MOH has released an update on the HFMD situation in Singapore childcare centres and kindergartens.
HFMD in Childcare Centres: 10 Aug 2018 Update
As of 10 Aug 2018, these are the childcare centres and kindergartens with more than 10 HFMD cases or an attack rate* greater than 13%, and a transmission period of more than 16 days (prolonged transmission).
Affected Childcare Centres:
- Agape Little Uni @ Compassvale (Blk 293B #01 -53 Compassvale Crescent S(542293))
- Skool4kidz Campus @ Sengkang (Riverside Blk 3 Anchorvale Crescent S(544618))
- My First Skool at 2 Punggol Drive (Blk 2 Punggol Drive S(828803))
- My First Skool @ Blk 55 Toa Payoh Lorong 5 (Blk 55 #01 -160 Lorong 5 Toa Payoh S(310055))
- PCF Sparkletots Preschool @ Queenstown (Blk 365 Blk 365 #01 -17 Queenstown Community Centre Commonwealth Avenue S(149732)
- My First Skool @ 682B Edgedale Plains (Blk 682B #01 -739 Edgedale Plains S(822682))
- ST JAMES CHURCH KINDERGARTEN (HARDING) (Blk 29 Harding Road S(249537))
- Little Tree House Westwood Pte Ltd (Blk 82 Westwood Crescent S(648782)
What to Do in Case of HFMD
Children with HFMD will have blister-like or pimple-like rash on their hands, feet and buttocks, mouth ulcers and fever. The child may also have a sore throat, runny nose, experience vomiting and diarrhoea, and may feel tired.
It is important to remember that HFMD is a viral infection, so there is no specific treatment, apart from intake of fluids and controlling the fever. Children usually recover within a week’s time.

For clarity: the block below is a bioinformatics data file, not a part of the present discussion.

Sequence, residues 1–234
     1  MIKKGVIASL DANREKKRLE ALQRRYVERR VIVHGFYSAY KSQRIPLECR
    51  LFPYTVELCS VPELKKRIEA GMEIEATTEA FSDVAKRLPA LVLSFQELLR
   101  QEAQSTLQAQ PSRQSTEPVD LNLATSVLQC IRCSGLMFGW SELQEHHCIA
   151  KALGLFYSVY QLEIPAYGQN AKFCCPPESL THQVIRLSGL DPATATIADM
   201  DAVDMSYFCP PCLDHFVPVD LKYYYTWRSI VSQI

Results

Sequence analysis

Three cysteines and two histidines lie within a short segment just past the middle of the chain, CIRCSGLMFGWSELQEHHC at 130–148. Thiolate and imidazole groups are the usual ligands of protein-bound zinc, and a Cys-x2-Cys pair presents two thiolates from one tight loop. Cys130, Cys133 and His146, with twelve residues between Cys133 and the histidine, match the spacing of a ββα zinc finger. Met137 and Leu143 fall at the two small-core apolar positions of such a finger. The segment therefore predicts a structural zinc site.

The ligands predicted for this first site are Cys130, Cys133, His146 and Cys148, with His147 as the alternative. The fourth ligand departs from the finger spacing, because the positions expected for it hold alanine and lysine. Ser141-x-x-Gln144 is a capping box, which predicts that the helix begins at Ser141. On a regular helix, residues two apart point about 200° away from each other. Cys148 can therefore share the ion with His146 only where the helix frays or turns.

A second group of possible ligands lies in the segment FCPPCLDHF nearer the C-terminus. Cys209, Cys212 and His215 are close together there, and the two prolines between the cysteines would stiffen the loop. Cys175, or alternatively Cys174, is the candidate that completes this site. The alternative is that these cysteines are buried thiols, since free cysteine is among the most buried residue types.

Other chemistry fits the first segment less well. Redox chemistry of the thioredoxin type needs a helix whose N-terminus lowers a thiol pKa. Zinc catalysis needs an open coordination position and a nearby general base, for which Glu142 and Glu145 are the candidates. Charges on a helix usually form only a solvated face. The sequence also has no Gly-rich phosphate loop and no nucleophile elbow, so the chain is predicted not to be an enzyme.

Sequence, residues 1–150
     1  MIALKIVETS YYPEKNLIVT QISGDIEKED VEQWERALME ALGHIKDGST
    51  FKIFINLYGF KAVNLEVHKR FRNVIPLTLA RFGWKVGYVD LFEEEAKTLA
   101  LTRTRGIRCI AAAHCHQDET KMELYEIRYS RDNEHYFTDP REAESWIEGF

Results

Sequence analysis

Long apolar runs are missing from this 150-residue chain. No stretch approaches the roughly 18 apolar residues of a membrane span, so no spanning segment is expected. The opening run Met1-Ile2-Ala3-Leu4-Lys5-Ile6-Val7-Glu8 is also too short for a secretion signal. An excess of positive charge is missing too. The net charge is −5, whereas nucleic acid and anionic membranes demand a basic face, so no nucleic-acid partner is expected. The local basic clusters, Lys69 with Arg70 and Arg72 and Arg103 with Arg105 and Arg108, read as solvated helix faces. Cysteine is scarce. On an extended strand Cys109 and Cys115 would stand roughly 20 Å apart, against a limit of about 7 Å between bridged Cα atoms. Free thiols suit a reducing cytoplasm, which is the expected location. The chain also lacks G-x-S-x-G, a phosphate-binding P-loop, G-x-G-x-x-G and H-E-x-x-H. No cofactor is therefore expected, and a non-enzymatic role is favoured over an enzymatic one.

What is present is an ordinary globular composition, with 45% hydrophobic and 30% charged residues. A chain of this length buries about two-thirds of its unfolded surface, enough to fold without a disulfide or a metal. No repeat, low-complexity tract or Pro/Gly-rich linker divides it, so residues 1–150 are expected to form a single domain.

Parents, here is what you need to remember:
The blisters in the mouth make eating and swallowing painful for the child, and kill his appetite. So it’s all the more important that the child takes as much oral fluids as possible, to prevent dehydration.
Offer small amounts of fluid (about 10-30 ml each time) like diluted juices, rice or barley water every half hourly throughout the day.
Bring your child to the Children’s Emergency if you notice:
1. That the oral intake of fluids is poor, or the child is unable to swallow, or vomits persistently
2. When the tongue is dry, or when the child has decreased urine output (dehydration)
3. If the child appears lethargic, drowsy or irritable, is crying persistently, or is disorientated
4. When seizures occur
5. If there is difficulty in breathing
6. If the child looks ashen, pale or blue
7. If the child complains of acute headache or giddiness, or if there is neck stiffness
HFMD is easily spread through direct contact with nose discharge, saliva, faeces and fluid from the blisters.
Hence, the infected child should not be allowed to go to school, childcare centres and other crowded places, until he has fully recovered and for at least ones week after the start of the illness.
- Practise good general hygiene
Wash your hands immediately after contact with the infected child or handling diaper changes, and before handling food.
The virus can continue to be shed in stools up to 12 weeks in an infected child so practice good hand hygiene when changing diapers for the infected child.
Cover your mouth and nose with a tissue when coughing or sneezing, and throw the tissue away into a bin immediately.
Prevent other children in the house from sharing toys, books, eating utensils, towels, clothes and other personal items used by the infected child.
- Pregnant women who get HFMD may experience miscarriage, stillbirth or even severe disease in the newborn.
Pregnant women should practise good hand hygiene by washing their hands after each contact with the infected child, and preferably wear a surgical mask when in close contact with the child.
Also READ: Mum says this is how her baby got HFMD